“From the perspective of psychology, when a person talks about money, what they are letting others see is that money is one of their priorities. Seen from the outside, it is like presenting yourself to the world as a superficial, frivolous or insubstantial person,” says Elena Daprá, a Madrid psychologist. “In society, conversations about money are censored, because it is viewed as a superficial way of evaluating the world.” This expert warns that this affects many situations: it is frowned upon to ask about the salary at a job interview, and it considered bad form to reveal one’s salary in front of friends. There is also the other side: avoiding talking about money out of shame, in a society that associates money with success and lack of it with failure.

“Money has gone from being a means of exchange and a measure of trade to being a central value in our scale of values, due to the consumerist and individualistic attitude of our societies,” says Iván Parro, a sociologist, researcher and author of the 2015 study Money and the Economy in Times of Crisis. Reflections for Hard Times. According to him, this change is not as recent as we think, arising at the end of World War II, with the idea of the importance of having solid material belongings to cling to. But in recent years it has become more visible and there has been an acceleration in the rates of consumption, with a prevalence of disposable products. “During recent crises this attitude has been strengthened,” he says. In an increasingly individualistic society, “money provides an identity, the idea of having a different position from other people.”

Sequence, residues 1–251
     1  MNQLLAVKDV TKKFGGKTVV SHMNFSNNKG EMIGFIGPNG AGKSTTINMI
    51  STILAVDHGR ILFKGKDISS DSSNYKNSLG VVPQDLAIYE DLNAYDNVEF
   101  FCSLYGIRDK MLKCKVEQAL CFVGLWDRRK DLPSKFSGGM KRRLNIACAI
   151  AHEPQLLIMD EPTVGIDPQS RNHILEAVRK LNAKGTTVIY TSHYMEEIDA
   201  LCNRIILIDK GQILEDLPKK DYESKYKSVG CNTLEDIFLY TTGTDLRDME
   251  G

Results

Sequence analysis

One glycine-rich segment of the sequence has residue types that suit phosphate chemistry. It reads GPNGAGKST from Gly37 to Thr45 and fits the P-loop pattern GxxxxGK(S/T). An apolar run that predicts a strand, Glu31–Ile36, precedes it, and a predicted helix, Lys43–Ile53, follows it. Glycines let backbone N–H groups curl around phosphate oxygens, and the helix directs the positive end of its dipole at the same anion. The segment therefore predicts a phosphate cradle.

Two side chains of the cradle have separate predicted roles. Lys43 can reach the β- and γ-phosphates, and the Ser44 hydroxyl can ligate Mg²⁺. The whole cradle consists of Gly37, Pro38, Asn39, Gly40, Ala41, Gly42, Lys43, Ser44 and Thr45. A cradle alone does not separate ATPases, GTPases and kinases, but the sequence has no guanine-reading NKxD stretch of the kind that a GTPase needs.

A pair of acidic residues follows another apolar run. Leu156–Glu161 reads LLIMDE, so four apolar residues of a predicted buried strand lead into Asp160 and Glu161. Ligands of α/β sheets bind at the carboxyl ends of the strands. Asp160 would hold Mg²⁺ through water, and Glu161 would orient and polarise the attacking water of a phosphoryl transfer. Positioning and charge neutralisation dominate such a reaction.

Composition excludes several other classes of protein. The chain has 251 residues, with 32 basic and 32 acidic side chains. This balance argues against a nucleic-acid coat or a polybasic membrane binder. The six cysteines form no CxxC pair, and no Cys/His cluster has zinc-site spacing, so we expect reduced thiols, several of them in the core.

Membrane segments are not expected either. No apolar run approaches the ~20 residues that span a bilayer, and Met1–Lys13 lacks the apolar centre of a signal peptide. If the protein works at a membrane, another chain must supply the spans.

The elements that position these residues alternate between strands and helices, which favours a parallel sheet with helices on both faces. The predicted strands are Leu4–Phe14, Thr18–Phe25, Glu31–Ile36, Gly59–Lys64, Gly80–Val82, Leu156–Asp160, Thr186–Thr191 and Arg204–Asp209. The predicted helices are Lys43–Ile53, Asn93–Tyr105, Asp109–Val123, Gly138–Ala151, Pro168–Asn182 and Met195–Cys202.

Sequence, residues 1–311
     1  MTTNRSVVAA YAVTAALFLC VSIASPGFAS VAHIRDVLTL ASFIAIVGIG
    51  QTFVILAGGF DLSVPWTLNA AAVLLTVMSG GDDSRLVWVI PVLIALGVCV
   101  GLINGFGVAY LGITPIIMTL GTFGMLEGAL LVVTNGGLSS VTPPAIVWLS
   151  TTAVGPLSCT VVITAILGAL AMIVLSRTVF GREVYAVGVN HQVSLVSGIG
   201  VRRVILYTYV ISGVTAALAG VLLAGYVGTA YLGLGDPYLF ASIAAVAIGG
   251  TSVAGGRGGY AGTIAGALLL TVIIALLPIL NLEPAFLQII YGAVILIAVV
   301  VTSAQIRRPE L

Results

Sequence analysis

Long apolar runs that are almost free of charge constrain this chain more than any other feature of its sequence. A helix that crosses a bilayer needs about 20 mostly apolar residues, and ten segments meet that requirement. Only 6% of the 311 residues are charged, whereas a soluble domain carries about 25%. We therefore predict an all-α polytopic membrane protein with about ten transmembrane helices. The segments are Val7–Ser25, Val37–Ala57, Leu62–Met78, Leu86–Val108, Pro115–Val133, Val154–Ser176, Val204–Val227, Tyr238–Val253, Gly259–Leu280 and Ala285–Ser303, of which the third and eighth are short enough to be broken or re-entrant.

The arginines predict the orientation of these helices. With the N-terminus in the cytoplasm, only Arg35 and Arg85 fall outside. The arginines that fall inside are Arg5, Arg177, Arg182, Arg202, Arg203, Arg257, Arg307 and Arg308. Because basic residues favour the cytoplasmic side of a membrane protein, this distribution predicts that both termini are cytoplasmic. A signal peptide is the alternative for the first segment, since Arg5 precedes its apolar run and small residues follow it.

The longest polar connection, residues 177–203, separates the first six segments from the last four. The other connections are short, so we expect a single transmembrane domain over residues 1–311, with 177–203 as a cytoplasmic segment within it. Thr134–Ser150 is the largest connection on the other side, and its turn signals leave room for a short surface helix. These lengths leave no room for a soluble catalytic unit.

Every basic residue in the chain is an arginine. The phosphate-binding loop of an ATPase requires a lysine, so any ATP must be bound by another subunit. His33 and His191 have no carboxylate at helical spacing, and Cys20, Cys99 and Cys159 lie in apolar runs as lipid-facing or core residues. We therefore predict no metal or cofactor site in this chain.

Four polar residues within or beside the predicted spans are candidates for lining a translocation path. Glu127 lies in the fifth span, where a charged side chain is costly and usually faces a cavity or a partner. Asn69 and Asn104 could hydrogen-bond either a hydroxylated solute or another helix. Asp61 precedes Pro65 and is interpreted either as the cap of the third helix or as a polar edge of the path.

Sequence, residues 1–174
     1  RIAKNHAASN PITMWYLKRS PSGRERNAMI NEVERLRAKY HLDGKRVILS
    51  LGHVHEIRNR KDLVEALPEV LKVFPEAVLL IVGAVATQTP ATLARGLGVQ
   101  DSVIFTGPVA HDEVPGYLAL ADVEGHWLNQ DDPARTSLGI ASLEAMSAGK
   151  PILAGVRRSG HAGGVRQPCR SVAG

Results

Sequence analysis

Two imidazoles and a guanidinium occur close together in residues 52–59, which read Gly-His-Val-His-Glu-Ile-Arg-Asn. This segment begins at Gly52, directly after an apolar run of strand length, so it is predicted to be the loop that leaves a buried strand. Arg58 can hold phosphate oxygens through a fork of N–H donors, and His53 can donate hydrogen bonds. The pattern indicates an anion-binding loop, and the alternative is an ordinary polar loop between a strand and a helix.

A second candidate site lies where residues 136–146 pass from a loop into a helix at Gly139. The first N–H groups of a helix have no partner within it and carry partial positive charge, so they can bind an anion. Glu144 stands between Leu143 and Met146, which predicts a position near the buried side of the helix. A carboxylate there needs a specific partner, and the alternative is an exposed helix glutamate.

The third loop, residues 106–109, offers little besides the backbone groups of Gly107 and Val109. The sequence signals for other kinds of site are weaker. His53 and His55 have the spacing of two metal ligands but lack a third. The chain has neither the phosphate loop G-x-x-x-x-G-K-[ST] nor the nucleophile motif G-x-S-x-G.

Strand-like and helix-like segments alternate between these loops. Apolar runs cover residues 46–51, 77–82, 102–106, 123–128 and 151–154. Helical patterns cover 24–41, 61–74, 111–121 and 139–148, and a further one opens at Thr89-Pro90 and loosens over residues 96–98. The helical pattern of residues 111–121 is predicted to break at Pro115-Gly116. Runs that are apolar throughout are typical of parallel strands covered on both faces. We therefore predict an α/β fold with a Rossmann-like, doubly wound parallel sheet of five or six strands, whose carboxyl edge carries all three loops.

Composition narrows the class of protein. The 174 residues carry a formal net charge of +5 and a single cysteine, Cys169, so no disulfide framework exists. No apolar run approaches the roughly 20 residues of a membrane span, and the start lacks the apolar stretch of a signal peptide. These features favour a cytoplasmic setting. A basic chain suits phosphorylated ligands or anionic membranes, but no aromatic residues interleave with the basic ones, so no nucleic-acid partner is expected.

The difference between friends with money and friends without is often seen by the attitude with which they deal with the check at a restaurant.
The difference between friends with money and friends without is often seen by the attitude with which they deal with the check at a restaurant.SolStock (Getty Images)